Wednesday, January 23, 2013

Vibram Hong Kong 100 Ultra Trail Race 2013

As I was approaching CP5, which was the midway point of the race, it was already past 10 hours from the flag off. I had just overtaken Dr Liaw going up a hill, but as I was descending to CP5, it was fast getting dark. I stopped for a moment to fix my headlamp.

Dejavu—I was almost exactly at the same location and at the same time about a year ago during my first attempt of the Vibram Hong Kong 100 Ultra Trail Race. That was the time when I failed to bring home the elusive bronze trophy. You see, in order to qualify for the bronze trophy, one has to complete the race within 20 to 24 hours. Last year I finished in about 25:41.

This year we had a bigger group from KK—Mia and I, Dr Felice Huang, Hana Harun, Bobby Tseu, Dr Liaw Yun Haw, Boyd Gimbang, Dr Peter Ong. A Canadian friend, Paul Bourget, also decided to join for the second time.

It was a much larger crowd at the starting line as the number of participants had grown from about 750 last year to over 1,200 this year. Before the flag off, people were busy taking photos.

I bumped into Dr Pui San, a fellow Malaysian from KL, at the starting line and we invited her to join us in this photo.

From left: Mia, Hana, Dr Felice

It was good that Felice was able to make this event, as she could motivate us to push all the way. That's the beauty of having a gynaecologist with us. As for Dr Peter (extreme right of photo), I'm not sure what he's checking on, but I want to put it on record that he wore a pair of 2XU Compression tights for the first time in his life that day. I'm not sure if all the compressions were just right at the right places. I can still remember when I first bought my compression tights a while ago, he shared his opinion about the compression element, as reported here.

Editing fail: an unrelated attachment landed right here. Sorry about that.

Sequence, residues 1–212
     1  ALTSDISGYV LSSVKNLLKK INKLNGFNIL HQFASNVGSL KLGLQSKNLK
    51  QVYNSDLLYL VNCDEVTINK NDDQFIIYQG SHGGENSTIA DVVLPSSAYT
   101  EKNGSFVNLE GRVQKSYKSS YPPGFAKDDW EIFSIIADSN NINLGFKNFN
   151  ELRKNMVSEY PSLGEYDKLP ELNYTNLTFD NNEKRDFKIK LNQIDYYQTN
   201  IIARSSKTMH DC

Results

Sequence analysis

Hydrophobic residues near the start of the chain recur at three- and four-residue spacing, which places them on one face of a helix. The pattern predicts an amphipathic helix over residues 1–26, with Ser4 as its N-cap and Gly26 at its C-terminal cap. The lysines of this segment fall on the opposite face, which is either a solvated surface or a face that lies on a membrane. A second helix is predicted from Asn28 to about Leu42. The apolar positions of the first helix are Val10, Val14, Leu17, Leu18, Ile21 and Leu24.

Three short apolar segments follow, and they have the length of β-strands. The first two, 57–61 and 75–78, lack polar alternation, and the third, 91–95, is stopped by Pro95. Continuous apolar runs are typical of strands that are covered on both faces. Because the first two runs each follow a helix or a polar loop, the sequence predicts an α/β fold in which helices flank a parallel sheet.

After the customary countdown, we were duly flagged off. The first kilometre was a pleasant sealed road, but then we came to a bottleneck up a narrow path. Shortly after the flag off, I turned to Bob, saying that we should try to reach CP5 within 8.5hours. If that could be achieved, then we might have a shot at the silver trophy! Hana was closeby and she gave out a strange surprised cry, but actually she had a silver trophy dream of her own!

As we were all stuck going at snail's pace at the bottleneck, I suddenly noticed that Hana had already sneaked up ahead. And a few minutes later, she was already out of sight! I had estimated that we would be stuck at the bottleneck for about 40 minutes, but it was almost an hour later when we emerged on the other side! By the time I reached the first support station, all the guys in our group were already ahead. Felice and Mia were still behind me, but still quite near.

I arrived at CP1 feeling a bit annoyed with the sand in my shoes (having crossed a beach section). I sat down on a chair and as I was cleaning my shoes, I saw Dr Peter sitting at the next table, apparently also busy ridding his shoes of sand. After dealing with my shoes, I grabbed some food, and while I was biting into a banana, I saw Peter leaving.